The great error of Tolstoy, the recognition of which might have saved him from allowing his laudable focus on spiritual poverty to degrade into a sickly and feeble pseudo-Christianity, was in his insistence that human nature is monolithic and stagnant rather than pluriform and dynamic. G.K. Chesterton, in his Orthodoxy, insightfully revealed this error of “the Tolstoyans” as the belief “that when the lion lies down with the lamb the lion becomes lamb-like. But that is brutal annexation and imperialism on the part of the lamb. That is simply the lamb absorbing the lion instead of the lion eating the lamb.”2 One can see Tolstoy’s insistence, for example, through the words of the character Ivan in “After the Ball,” that the punishment a military leader inflicts on a soldier caught deserting is irredeemably evil because it involves one human being harming another. One might justifiably wonder just what Tolstoy thought should be done with such a soldier, whose actions had compromised the integrity of his unit and the safety of his entire nation? Lions are as necessary as lambs, to use Chesterton’s terminology, borrowed, in turn, from the Prophet Isaiah, as it is the lions who must protect the lambs. Chesterton goes on to identify “the real problem,” which is not that one nature should swallow up and replace the other, but “can the lion lie down with the lamb and still retain his royal ferocity? THAT is the problem the Church attempted; THAT is the miracle she achieved.”3

Indeed, it is a miracle that was achieved in the Russian Orthodox Church itself more than 300 years before Tolstoy’s life. In the early 16th century, the Russian Orthodox Church was faced with a conflict between two groups, the Possessors and the Non-Possessors, whose argument began with a conflict, as the names of the respective groups indicate, over whether monastic establishments should possess land and the serfs attached to the land. The issues at stake, however, were much wider. The Possessors, led by Joseph of Volokolamsk, favored a close relationship between the Church and the State as well as society as a whole. They believed that it was necessary for the Church, including the monasteries, to own lands, serfs, and other sources of wealth so that it could beautify its churches and provide services such as hospitals and soup kitchens. The Non-Possessors, led by Nil Sorsky, argued that the Church, and especially the monasteries, should instead possess no wealth whatsoever and should remove itself from secular affairs entirely.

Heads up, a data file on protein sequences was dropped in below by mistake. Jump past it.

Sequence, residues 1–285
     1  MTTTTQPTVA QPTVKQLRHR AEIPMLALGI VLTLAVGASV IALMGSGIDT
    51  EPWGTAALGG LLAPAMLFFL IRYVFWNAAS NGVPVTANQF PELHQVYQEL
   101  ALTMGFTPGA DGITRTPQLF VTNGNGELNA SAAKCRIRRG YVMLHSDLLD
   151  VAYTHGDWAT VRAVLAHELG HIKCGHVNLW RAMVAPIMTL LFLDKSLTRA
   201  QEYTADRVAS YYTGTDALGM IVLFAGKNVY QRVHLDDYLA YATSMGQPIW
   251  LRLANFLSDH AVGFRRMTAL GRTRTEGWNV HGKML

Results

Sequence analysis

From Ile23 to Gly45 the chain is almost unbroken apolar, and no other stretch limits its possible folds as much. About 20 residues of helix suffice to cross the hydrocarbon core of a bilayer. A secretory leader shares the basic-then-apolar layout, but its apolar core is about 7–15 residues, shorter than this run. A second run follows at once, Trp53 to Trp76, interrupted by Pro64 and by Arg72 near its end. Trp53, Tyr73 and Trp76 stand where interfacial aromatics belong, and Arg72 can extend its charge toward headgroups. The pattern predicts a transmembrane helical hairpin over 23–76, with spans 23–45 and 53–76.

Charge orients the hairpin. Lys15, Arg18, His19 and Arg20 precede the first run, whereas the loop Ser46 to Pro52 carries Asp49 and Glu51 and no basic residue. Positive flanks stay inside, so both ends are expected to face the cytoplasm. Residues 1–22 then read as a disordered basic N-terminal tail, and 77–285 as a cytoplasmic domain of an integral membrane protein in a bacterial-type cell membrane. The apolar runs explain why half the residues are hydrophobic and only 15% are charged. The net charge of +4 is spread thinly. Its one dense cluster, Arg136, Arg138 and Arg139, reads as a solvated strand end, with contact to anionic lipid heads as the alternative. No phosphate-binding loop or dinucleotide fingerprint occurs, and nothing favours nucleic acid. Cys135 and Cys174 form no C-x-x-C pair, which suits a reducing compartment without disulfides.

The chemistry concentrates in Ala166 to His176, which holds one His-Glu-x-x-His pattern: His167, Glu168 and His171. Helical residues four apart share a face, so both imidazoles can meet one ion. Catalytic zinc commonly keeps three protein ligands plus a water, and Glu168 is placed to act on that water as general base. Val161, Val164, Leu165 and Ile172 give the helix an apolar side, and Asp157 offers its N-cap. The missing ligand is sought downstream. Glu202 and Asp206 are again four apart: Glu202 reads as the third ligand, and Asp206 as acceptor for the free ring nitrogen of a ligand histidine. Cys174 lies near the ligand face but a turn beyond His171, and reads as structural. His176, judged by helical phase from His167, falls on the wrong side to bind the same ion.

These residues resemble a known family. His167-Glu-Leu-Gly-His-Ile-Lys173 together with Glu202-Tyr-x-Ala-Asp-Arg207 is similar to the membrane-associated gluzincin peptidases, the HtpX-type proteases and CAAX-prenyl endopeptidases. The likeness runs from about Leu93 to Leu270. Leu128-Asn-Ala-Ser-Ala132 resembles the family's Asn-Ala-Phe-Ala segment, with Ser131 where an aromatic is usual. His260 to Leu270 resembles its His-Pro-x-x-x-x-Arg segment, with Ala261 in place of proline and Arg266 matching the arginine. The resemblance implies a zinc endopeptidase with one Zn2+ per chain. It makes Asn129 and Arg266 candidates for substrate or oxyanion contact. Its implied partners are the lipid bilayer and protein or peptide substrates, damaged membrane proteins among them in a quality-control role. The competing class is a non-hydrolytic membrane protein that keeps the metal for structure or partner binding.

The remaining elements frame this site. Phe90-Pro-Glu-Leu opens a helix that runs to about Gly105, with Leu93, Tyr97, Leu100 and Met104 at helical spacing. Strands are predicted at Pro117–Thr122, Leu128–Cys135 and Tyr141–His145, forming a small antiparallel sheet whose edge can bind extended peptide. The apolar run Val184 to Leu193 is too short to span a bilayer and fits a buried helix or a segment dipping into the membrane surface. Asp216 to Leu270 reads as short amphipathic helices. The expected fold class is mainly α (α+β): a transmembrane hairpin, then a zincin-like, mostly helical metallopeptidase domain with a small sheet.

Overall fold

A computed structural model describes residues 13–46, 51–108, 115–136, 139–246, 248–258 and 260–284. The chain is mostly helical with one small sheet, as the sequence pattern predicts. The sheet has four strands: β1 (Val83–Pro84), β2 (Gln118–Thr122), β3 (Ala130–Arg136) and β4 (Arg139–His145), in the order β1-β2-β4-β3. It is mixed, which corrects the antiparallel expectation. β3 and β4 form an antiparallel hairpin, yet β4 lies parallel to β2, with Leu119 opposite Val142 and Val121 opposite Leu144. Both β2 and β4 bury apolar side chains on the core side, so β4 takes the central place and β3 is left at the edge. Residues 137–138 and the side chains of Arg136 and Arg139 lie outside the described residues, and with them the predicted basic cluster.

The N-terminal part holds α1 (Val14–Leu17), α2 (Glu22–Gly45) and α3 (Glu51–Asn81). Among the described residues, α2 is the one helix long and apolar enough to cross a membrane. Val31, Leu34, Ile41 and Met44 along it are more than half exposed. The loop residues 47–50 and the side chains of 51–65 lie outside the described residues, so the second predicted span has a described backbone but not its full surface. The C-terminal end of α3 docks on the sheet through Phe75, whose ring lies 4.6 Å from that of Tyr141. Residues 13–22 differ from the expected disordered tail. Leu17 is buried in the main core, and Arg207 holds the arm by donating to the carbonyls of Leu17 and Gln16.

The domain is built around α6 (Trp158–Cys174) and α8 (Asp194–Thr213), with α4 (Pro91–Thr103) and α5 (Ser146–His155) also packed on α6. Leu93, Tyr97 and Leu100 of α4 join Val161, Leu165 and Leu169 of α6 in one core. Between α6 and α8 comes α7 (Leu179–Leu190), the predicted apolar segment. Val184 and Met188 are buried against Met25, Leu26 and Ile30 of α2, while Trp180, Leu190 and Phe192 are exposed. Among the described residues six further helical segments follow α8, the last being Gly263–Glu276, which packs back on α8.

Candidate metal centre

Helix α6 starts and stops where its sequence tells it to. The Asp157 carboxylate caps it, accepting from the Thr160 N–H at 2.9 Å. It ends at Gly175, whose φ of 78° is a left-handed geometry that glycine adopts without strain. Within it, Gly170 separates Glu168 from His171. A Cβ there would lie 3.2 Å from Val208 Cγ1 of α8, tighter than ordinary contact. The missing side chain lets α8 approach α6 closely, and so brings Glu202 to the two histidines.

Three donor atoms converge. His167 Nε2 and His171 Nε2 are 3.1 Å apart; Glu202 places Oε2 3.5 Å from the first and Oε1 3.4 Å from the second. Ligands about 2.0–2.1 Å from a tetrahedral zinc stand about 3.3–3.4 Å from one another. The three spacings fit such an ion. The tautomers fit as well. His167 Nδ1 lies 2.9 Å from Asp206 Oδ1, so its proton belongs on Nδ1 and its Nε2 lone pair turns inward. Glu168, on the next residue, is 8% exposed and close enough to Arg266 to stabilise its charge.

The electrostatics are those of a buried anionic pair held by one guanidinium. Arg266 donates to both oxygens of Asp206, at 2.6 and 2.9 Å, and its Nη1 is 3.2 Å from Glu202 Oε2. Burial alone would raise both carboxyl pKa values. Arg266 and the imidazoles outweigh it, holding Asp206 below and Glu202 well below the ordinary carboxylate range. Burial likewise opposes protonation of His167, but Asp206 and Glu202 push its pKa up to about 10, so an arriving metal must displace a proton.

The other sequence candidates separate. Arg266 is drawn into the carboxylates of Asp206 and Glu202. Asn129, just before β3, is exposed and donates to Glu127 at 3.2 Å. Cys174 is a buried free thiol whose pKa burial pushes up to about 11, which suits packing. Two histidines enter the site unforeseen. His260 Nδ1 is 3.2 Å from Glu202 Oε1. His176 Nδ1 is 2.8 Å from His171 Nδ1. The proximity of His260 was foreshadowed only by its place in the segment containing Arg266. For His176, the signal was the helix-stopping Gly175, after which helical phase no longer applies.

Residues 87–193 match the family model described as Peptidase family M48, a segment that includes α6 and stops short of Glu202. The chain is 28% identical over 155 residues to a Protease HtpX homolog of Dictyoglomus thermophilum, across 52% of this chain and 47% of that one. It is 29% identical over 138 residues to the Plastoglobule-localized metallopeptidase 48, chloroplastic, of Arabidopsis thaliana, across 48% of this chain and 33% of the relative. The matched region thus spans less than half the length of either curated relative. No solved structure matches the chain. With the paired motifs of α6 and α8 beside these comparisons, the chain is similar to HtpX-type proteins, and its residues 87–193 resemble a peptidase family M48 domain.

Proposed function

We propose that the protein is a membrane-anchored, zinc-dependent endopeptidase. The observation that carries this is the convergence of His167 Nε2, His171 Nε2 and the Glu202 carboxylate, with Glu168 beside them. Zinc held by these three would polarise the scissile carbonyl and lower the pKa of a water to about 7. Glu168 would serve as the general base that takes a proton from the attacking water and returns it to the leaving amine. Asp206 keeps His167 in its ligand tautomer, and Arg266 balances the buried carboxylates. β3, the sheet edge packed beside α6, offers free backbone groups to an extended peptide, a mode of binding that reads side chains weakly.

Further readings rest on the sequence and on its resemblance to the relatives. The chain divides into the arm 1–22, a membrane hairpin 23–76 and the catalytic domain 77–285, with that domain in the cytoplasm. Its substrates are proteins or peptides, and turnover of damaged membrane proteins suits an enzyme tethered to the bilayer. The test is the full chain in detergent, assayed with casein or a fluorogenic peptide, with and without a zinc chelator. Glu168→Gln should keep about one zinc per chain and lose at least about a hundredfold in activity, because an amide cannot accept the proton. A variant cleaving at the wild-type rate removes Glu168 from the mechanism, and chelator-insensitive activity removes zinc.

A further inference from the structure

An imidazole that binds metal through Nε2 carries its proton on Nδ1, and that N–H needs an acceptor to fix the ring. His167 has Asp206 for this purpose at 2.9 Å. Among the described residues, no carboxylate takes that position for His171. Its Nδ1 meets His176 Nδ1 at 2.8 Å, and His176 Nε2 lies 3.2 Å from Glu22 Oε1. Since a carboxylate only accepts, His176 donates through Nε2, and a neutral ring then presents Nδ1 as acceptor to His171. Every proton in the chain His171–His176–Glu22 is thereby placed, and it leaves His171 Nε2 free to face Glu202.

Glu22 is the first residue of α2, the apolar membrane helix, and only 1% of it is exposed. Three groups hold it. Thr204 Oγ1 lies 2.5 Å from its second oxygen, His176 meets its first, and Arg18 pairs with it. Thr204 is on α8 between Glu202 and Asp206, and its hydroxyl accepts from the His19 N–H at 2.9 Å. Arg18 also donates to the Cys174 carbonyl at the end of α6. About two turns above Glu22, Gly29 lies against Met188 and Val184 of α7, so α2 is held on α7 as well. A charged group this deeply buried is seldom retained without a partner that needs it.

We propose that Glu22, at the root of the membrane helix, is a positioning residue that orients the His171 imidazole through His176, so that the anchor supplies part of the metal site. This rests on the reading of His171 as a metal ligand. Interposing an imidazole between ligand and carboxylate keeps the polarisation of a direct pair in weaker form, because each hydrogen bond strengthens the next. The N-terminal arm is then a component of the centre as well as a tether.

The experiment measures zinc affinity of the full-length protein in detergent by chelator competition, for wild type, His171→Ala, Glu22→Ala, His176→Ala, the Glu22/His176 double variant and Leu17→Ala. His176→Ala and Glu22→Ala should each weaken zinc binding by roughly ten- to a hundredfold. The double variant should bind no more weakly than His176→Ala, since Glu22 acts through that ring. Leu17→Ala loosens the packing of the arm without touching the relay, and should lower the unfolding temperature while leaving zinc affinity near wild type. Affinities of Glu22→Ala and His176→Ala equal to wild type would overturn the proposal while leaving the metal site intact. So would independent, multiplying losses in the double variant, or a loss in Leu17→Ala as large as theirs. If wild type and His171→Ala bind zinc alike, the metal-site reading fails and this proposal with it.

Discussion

Interestingly, the original issue which caused the division between the Possessors and the Non-Possessors, namely the ownership of land, was also taken up by Tolstoy in his “How Much Land Does a Man Need?” There, he tells a morality tale in which a landowner causes his own death in his avaricious acquisition of larger and larger landholdings. The moral of the story is that one should be content with a small plot of land which provides just enough food to provide for oneself and one’s family and should not go beyond this. While his condemnation of avarice, one of the most overlooked but most insidiously destructive sins, reflects some insight on Tolstoy’s part, his apparent condemnation of all desire to acquire something greater than one currently possesses goes too far.